For years, the radio world has looked to two different sets of radio charts — the Billboard rankings, which are currently powered by BDS, owned by Luminate (formerly known as Nielsen Music), and separate charts from the airplay monitoring service Mediabase. But that dueling-charts era is coming to an end. Luminate announced Thursday morning that, beginning in December 2022, use of BDS will cease and Luminate will begin partnering with Mediabase, which it says is “known widely as the music industry standard across labels, publishers and management companies,” for the charts published in Billboard.
That will finally create an end to the confusion of whether a song has hit No. 1 on one or both charts in a given format. Of course, in the case of very close calls at the finish line, this will also mark the end of a time when songs had a shot of claiming a No. 1 at either Billboard or Mediabase.
Although artists and labels have always tended to cite a song’s Billboard chart position first, given lesser public awareness of the Mediabase charts, Thursday’s announcement by Luminate makes the case that Mediabase has been more reliable than BDS, hence the switch.
“Mediabase has proven itself to be the most trusted and referenced radio data provider in today’s fast-moving, ever-changing music industry,” said Luminate CEO Rob Jonas in a statement. “At Luminate, we pride ourselves in being able to provide our clients — whether they be major record labels, tech companies, film studios, TV networks or indie music powerhouses — with the absolute best information they need to operate and grow their businesses. This new partnership allows us to do just that.”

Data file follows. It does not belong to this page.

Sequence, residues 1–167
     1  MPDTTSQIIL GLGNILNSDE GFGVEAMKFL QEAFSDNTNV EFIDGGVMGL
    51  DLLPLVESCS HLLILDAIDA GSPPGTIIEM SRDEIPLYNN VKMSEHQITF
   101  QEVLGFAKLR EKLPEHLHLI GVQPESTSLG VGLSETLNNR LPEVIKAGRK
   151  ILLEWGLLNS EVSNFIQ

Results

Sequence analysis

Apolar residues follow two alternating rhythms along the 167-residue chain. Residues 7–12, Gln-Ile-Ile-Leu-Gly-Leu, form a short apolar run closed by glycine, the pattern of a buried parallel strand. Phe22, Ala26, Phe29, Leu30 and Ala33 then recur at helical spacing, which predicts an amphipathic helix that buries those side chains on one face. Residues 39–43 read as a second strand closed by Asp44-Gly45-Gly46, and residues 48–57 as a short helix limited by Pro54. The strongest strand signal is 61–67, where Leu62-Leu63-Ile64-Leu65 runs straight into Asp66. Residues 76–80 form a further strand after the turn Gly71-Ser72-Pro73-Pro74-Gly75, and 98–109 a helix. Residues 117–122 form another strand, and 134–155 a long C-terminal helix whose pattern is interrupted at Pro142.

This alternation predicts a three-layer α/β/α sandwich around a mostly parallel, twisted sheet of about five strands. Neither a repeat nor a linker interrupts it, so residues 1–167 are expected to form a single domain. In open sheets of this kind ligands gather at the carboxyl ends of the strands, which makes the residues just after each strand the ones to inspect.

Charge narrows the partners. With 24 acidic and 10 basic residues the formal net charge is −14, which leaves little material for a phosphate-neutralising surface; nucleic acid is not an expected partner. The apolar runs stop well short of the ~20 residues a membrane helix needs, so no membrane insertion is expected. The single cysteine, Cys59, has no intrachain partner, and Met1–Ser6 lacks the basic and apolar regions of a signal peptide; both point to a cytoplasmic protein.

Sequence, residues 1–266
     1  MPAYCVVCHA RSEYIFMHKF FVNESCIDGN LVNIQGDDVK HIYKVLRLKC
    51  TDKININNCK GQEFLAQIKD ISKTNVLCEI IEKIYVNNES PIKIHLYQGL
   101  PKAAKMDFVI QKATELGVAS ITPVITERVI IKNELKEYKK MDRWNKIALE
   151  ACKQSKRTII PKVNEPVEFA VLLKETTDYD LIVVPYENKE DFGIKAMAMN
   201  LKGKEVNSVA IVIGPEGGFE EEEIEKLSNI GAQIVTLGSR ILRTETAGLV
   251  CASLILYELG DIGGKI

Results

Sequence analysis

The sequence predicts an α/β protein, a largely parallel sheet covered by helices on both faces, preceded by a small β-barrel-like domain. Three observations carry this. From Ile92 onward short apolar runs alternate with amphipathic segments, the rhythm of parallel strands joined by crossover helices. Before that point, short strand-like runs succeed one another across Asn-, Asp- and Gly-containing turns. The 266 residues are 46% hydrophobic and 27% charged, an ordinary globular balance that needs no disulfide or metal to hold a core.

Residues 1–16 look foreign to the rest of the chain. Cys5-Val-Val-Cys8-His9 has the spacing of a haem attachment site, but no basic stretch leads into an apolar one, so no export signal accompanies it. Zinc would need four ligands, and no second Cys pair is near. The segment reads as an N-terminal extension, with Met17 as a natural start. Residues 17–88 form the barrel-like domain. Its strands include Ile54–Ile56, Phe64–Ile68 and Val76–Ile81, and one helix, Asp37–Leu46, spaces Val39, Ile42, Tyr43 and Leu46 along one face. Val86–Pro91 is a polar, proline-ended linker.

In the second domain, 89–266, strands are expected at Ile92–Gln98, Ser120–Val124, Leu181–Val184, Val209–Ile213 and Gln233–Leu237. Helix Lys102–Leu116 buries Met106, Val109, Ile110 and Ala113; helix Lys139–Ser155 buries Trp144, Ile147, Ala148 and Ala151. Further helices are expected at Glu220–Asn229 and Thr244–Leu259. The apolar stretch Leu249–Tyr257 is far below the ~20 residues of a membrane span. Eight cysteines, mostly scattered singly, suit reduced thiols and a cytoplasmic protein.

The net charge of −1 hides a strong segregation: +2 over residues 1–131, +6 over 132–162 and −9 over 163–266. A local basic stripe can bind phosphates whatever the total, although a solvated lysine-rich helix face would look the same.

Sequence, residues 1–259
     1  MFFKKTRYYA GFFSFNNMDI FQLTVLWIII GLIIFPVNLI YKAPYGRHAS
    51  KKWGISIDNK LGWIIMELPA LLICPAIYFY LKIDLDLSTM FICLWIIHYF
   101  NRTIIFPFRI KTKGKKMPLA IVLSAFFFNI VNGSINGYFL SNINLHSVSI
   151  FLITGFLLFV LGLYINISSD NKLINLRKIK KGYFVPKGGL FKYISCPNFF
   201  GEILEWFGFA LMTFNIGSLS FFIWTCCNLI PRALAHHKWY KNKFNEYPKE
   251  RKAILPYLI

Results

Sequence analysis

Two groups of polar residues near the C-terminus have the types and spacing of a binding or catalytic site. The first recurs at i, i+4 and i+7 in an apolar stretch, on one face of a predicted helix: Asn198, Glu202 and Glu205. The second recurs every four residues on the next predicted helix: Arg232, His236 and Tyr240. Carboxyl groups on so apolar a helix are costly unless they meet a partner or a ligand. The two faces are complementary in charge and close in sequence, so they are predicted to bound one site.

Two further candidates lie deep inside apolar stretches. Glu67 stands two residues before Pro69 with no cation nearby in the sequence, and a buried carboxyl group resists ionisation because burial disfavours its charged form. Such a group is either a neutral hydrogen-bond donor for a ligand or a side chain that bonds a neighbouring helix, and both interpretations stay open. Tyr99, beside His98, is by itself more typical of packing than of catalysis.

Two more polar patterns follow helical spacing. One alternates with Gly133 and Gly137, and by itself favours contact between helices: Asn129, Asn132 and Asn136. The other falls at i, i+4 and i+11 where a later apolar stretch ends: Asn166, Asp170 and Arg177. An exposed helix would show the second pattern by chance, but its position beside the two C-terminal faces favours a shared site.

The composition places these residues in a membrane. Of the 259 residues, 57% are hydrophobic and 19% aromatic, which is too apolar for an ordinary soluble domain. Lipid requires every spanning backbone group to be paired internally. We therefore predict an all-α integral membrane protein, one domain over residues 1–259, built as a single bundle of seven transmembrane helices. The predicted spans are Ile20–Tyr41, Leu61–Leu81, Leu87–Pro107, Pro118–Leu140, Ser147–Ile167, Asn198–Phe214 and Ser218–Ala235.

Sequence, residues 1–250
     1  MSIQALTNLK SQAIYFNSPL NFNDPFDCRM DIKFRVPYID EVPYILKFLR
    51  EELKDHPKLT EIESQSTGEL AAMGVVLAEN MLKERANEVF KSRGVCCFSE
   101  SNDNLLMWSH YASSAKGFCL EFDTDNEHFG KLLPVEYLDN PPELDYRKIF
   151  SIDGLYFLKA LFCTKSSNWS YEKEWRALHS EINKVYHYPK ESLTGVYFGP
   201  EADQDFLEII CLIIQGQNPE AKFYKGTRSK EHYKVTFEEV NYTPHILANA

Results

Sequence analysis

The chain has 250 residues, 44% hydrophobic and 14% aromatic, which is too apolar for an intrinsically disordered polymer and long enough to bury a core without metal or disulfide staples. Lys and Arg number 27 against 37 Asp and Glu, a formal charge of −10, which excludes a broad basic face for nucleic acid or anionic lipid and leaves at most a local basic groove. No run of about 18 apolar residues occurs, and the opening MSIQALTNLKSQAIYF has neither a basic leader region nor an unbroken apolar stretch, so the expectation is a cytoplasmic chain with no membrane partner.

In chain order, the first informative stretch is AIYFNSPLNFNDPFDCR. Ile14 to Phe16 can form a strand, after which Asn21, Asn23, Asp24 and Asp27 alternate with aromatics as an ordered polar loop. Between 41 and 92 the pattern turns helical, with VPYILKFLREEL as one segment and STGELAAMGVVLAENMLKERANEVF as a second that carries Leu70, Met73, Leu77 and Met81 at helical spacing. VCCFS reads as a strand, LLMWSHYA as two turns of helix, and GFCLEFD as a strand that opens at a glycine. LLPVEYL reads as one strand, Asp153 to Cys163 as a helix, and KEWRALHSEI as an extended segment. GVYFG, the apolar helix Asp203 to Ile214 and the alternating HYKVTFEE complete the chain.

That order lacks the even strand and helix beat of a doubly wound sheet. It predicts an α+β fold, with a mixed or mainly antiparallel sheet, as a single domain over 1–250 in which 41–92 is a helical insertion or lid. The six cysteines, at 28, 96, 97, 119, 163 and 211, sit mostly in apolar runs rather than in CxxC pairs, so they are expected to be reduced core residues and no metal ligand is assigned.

The company also announced Thursday that Luminate has plans to launch a new, “highly modernized” client and user platform in 2023 that will put all of the its data offerings in one place, with Mediabase as “the first of many” partners that will contribute data. Luminate promised to share more details about the coming platform, which will provide information about film and TV as well as music, in the months ahead.
Said Philippe Generali, president-CEO of Mediabase, “This new strategic partnership allows us the opportunity to be innovative in our approach to radio monitoring and to further ours and Luminate’s positions as undisputed experts in music data.”
Luminate was formerly known as P-MRC Data and, before that, Nielsen Music, long using the radio tracking service BDS to provide radio data for the airplay charts as well as contribute to the Billboard Hot 100. The transition from BDS to Mediabase will take place by the end of the year with “no disruption in radio services,” Luminate promises.